A Capsicum, or pepper plant, has the potential to grow tall, or leggy, which could cause it to fall over and not produce many chilies. Pruning prevents this. By strategically cutting away limbs and pinching off early flowers, you will help your plant grow into a strong bush with a secure center of gravity that keeps it from being too top heavy. You also will enable the plant to continuously produce throughout the growing season so you can enjoy a bigger harvest.
1 Pinch off early buds and flowers until the plant's stem and limbs thicken up. Although you'll lose a few early peppers, cutting away these blossoms helps the plant develop a stronger root system that can properly support a lot of chilies.
2 Prune off smaller branches by cutting just under the "Y" shape where two limbs come together. This task forces the plant to develop side shoots that help maintain a stronger structure.
3 Cut away any dead or diseased branches and foliage throughout the growing season to help with airflow and ensure the plant's energy goes into making more fruit. Dispose of these cuttings so they don't encourage pests.
4 Harvest peppers as they ripen so that you grow as much fruit as possible. Toward the end of the growing season, prune away immature fruit to allow the more mature peppers to finish growing.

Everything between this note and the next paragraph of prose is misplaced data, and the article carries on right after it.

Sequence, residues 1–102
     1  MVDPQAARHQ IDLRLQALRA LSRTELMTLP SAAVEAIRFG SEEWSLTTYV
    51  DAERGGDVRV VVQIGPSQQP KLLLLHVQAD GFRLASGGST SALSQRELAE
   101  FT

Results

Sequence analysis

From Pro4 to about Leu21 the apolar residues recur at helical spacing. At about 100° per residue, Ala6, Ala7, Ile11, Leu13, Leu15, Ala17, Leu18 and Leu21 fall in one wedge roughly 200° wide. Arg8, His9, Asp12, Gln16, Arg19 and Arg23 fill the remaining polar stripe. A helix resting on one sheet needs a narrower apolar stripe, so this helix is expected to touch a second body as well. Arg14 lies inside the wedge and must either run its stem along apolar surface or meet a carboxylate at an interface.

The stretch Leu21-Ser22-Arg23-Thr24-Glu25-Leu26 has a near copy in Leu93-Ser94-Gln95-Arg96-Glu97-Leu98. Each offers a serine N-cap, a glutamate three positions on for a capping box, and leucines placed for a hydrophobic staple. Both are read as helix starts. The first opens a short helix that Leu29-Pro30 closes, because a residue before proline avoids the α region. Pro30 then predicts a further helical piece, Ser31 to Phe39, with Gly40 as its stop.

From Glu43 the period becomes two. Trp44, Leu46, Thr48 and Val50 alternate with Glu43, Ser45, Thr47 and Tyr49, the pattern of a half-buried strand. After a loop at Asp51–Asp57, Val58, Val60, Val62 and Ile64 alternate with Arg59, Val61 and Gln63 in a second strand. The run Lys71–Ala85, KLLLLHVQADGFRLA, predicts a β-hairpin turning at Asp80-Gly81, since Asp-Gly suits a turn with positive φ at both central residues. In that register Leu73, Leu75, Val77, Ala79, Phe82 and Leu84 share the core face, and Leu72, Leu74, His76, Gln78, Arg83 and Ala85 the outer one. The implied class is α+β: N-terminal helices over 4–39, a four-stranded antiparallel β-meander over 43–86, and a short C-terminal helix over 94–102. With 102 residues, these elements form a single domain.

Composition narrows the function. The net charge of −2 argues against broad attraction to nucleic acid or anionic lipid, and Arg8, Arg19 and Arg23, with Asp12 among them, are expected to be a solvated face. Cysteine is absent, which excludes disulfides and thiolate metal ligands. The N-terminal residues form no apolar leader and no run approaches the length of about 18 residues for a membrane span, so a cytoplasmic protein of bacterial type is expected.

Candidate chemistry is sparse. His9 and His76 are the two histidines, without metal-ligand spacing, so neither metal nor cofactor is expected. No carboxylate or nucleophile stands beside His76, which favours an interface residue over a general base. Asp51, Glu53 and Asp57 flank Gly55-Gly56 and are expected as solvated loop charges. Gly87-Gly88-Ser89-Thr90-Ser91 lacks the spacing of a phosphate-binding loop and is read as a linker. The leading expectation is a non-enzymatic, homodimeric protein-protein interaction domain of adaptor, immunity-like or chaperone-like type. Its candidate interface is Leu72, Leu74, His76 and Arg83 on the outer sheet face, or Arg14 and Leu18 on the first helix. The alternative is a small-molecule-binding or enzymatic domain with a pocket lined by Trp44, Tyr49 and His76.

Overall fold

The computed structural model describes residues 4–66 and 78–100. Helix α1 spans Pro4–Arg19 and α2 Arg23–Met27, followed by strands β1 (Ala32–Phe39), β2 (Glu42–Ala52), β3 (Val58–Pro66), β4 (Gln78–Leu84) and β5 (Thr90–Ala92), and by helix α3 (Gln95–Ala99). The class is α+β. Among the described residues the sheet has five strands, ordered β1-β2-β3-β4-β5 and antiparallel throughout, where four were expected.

Items you will need
- Gardening shears
- Household disinfectant
- Always make sure your gardening shears are clean before attempting to prune your plant so you don't inadvertently spread disease. Wipe away any debris on your shears, then spray a household disinfectant on the blades. Allow the disinfectant to remain for at least five minutes, then wash the shears with clean water.
- The Complete Chile Pepper Book: A Gardener's Guide to Choosing, Growing, Preserving, and Cooking; Dave DeWitt and Paul W. Bosland
- University of Florida IFAS Extension: Disinfecting Pruning Tools
- IT Stock Free/Polka Dot/Getty Images